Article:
Oligopoly is a market structure with only a few sellers occupying the majority of the market share and offering a similar/identical product. The market of soft drinks is a good example in which major players and PepsiCo and Coca-Cola.
I personally like to study about oligopolies because we don’t need core mathematics and formulas to study about it. We just need to apply pure strategic thinking learned from Game Theory.
Game Theory is not about the games that we play on computers or in the playground. It’s about the games we play in real life, strategic games which firms play with one another trying to maximize profits.
What is Game Theory?
Very simple and effective definition of the Game Theory is the study of how people behave in strategic situations. One has to consider how others might respond to the action one takes and the effect of others’actions on the outcome.
Considering the above example, I will try to explain why markets with few companies (in this case two) cannot maximize profits?
Consider this matrix in which we have some numbers/points for each firm taking a particular decision.
In Game Theory, it is called a payoff matrix and the individual scores given to each outcome are called the payoffs. The payoffs are (Pepsi, Coke) which means that the payoff for Coke to advertise when Pepsi doesn’t advertise is 13. It might be million dollars or anything, but it is just a payoff.
The Explanation of Payoff Matrix
If Pepsi does not advertise, Coke is better off advertising (13 > 8) and if Pepsi advertises, Coke is again better off advertising (5 > 2). This means that no matter what Pepsi does, Coke is better off advertising, so it will advertise.
The strategy in which no matter what other party does, you do only one thing is called a strictly dominant strategy. It means that particular strategy dominates every other strategy in the game and you will choose that.
The same is the thing with Pepsi also. If Coke does not advertise, Pepsi is better off advertising (13 > 8) and if Coke advertises, Pepsi is again better off advertising (5 > 2). This means that no matter what Coke is doing, Pepsi is better off advertising, so it will advertise.
So, if both will advertise, the equilibrium outcome of this game is (5, 5) called the Nash Equilibrium (after the name of Dr. John Nash whose life is pictured in the movie A Beautiful Mind).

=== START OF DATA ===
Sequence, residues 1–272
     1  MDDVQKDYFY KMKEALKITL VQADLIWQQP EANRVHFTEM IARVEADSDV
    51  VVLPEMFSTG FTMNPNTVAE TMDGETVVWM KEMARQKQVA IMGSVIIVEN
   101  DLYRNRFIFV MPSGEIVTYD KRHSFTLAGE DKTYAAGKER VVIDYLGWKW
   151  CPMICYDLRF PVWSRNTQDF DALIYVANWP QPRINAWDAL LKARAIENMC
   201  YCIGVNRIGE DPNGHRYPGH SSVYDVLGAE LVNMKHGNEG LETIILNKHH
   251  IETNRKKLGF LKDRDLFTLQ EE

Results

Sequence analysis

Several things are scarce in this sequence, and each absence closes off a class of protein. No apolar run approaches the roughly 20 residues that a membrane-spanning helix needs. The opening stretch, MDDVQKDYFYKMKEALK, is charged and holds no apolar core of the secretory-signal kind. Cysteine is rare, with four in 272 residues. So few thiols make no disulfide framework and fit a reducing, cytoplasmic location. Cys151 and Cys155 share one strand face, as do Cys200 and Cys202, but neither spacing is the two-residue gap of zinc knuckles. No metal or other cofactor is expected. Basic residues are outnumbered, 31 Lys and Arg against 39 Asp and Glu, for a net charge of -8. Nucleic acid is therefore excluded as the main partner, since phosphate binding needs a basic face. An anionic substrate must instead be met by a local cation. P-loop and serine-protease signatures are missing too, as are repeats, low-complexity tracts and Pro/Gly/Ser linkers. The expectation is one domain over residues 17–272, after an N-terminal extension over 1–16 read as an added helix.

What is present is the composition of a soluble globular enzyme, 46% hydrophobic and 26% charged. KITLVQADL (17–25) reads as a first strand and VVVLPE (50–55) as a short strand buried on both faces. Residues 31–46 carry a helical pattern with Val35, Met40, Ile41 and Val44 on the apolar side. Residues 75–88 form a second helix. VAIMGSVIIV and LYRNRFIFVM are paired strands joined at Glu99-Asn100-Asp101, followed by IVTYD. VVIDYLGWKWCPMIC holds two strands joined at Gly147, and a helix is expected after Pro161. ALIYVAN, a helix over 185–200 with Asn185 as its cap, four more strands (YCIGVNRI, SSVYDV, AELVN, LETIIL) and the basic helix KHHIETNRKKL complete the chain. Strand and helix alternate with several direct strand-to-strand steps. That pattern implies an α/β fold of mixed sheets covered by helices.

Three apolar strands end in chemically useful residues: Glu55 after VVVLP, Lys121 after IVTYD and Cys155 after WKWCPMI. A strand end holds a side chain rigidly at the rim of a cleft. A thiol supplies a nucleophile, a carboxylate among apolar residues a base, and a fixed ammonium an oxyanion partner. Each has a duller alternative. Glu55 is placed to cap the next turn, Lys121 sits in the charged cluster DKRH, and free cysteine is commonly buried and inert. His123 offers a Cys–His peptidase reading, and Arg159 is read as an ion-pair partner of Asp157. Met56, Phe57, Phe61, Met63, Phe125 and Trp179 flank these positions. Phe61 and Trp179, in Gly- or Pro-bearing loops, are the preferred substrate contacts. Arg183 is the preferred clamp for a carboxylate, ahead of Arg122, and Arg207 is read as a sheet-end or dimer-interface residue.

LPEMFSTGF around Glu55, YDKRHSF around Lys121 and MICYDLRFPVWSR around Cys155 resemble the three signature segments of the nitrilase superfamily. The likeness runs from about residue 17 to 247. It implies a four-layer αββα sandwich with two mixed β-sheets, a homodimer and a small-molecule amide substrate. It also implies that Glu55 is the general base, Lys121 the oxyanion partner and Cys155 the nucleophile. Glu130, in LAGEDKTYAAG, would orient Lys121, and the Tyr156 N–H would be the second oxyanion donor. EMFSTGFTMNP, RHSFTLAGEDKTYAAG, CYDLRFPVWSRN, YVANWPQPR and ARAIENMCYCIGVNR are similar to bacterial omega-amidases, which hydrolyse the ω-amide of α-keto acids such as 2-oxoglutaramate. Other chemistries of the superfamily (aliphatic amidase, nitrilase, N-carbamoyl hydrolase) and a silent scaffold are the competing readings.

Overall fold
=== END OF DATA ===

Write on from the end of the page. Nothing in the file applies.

What is Nash Equilibrium?
A Nash Equilibrium is a situation in which players (Coke and Pepsi) will each choose their best strategy given the strategy all other players have chosen. The outcome in that situation is called a Nash Equilibrium.
The profit maximizing condition is when they both don’t advertise (8, 8) and each would gain 8 million dollars in revenue. So, they would meet and form a verbal contract of not advertising. In this way, they can gain 50-50 market share and dominate the market.
But, the key feature of the oligopoly market structure is tension between cooperation and self-interest which we can study by game theory.
Verbal contracts are as easy to break as trust. Here, both the firms have an incentive to cheat as they think that if they advertise, they will gain 13 million dollars and are better off which is clearly not the case. If they both advertise, they will land on the outcome (5, 5), in which case they would be worse off (8 > 5).
This particular game is called The Prisoner’s Dilemma, which says that two rational people won’t cooperate even if it’s good for their self-interest. They won’t cooperate because they have a strong incentive to cheat, so they land on the outcome which is worse off for both of them.
So, why do companies in an oligopoly cannot maximize their individual profits?
Because they won’t cooperate and hence they cannot maximize their profits. Each firm is tempted to raise production and capture a larger share of the market. As each of them tries to do so, total production increases, but price decreases, hence individual profits decrease. In this case, most of the loss in revenue would be from money spent in advertising.
This is the reason why contracts are forced onto the firms and then the market works.
This was originally posted on Quora.